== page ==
Medical Terms Other Names
Learn More:
HPO ID
80%-99% of people have these symptoms
Congestive heart failure
Cardiac failure
Cardiac failures
Heart failure

[ more ]

0001635
Increased pulmonary vascular resistance
0005317
Pulmonary arterial hypertension
Increased blood pressure in blood vessels of lungs
0002092
30%-79% of people have these symptoms
Deep venous thrombosis
Blood clot in a deep vein
0002625
Exertional dyspnea
0002875
Fatigue
Tired
Tiredness

[ more ]

0012378
Palpitations
Missed heart beat
Skipped heart beat

[ more ]

0001962
Pulmonary embolism
Blood clot in artery of lung
0002204
Reduced FEV1/FVC ratio
0030877
Reduced vital capacity
0002792
5%-29% of people have these symptoms
Abnormal left ventricular function
0005162
Abnormal T-wave
0005135
Abnormality of von Willebrand factor
0012146
Antiphospholipid antibody positivity
0003613
Cardiac shunt
0001693
Central sleep apnea
0010536
Depressivity
Depression
0000716
Dysfibrinogenemia
0011901
Edema
Fluid retention
Water retention

[ more ]

0000969
Elevated C-reactive protein level
0011227
Hypocapnia
Reduced carbon dioxide in the blood
0012417
Increased factor VIII activity
0030977
Increased HDL cholesterol concentration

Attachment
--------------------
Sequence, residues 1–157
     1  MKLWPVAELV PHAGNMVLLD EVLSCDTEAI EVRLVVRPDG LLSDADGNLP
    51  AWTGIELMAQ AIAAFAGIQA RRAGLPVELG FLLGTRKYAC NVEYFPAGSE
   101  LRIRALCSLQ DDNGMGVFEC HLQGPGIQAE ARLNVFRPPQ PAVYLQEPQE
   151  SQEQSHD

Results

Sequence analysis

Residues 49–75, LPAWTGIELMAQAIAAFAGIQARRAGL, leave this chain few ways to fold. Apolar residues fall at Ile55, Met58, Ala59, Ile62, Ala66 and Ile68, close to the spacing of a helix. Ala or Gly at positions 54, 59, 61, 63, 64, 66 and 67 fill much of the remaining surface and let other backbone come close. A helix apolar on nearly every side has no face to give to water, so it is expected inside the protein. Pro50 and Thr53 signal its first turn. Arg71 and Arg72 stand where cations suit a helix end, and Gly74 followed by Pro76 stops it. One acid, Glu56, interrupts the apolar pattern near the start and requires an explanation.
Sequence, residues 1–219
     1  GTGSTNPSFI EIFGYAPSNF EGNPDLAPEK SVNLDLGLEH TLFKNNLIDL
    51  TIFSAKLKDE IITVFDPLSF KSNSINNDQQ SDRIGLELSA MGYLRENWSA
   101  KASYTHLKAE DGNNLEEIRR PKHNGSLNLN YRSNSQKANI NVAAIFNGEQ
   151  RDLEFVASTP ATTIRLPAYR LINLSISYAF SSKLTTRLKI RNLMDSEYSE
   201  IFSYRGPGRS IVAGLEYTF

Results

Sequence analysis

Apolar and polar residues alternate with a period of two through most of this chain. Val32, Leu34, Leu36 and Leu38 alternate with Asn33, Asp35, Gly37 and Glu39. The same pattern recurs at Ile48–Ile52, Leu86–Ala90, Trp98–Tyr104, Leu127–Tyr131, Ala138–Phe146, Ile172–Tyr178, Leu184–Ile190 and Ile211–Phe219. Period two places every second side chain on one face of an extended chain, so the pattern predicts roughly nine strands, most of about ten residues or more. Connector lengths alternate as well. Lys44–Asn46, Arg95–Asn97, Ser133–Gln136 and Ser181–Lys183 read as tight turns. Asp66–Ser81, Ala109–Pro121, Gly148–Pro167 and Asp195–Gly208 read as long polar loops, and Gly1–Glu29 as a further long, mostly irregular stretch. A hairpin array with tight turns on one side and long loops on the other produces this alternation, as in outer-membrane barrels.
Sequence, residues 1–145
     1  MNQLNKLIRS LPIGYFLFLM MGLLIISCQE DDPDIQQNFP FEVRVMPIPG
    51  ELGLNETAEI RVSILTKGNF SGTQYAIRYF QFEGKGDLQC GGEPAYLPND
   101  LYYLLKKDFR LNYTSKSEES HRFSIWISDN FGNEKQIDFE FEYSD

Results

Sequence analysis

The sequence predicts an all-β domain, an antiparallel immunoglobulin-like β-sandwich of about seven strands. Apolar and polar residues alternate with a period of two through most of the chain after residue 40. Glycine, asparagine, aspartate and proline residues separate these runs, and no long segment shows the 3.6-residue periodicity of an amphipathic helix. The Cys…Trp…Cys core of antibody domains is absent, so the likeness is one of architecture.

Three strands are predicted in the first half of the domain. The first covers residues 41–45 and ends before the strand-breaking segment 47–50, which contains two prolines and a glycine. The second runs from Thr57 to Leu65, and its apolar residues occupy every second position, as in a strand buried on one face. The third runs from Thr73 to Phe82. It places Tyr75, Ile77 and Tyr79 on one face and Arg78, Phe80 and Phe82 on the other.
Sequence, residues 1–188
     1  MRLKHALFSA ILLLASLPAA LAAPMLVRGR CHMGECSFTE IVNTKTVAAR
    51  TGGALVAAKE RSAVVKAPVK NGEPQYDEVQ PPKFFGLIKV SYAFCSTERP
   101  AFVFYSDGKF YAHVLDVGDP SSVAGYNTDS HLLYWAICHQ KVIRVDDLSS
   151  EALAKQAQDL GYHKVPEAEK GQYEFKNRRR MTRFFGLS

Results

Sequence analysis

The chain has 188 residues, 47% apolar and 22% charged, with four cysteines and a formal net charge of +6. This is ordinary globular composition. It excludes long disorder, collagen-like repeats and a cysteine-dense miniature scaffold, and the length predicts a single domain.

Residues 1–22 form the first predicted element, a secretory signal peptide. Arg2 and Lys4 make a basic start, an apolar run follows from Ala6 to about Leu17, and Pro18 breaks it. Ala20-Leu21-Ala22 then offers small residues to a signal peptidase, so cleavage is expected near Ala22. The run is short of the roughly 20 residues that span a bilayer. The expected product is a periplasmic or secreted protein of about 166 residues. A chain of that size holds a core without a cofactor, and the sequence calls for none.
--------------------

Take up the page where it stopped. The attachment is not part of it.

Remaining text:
High blood HDL level
0012184
Lupus anticoagulant
0025343
Obesity
Having too much body fat
0001513
Recurrent thromboembolism
0004831
Right atrial enlargement
0030718
Right bundle branch block
0011712
Right ventricular dilatation
0005133
Right ventricular failure
0001708
Syncope
Fainting spell
0001279
1%-4% of people have these symptoms
Inflammation of the large intestine
0002037
Myeloproliferative disorder
0005547
Osteomyelitis
Bone infection
0002754

Learn more

These resources provide more information about this condition or associated symptoms. The in-depth resources contain medical and scientific language that may be hard to understand. You may want to review these resources with a medical professional.

In-Depth Information

  • Online Mendelian Inheritance in Man (OMIM) is a catalog of human genes and genetic disorders. Each entry has a summary of related medical articles. It is meant for health care professionals and researchers. OMIM is maintained by Johns Hopkins University School of Medicine. 
  • Orphanet is a European reference portal for information on rare diseases and orphan drugs. Access to this database is free of charge.

References

  1. Lang IM & Madani M. Update on Chronic Thromboembolic Pulmonary Hypertension. Circulation. 2014; 130:508-518. https://circ.ahajournals.org/content/130/6/508.
  2. Oka M, McMurtry IF & Oshima K. How does pulmonary endarterectomy cure CTEPH: A clue to cure PAH?. Am J Physiol Lung Cell Mol Physiol.. September 2, 2016; ajplung.00288:https://ajplung.physiology.org/content/311/4/L766.
  3. Lang IM, Dorfmüller P & Vonk Noordegraaf A. The Pathobiology of Chronic Thromboembolic Pulmonary Hypertension. Ann Am Thorac Soc. July, 2016; 13(3):S215-21. https://www.ncbi.nlm.nih.gov/pubmed/27571003.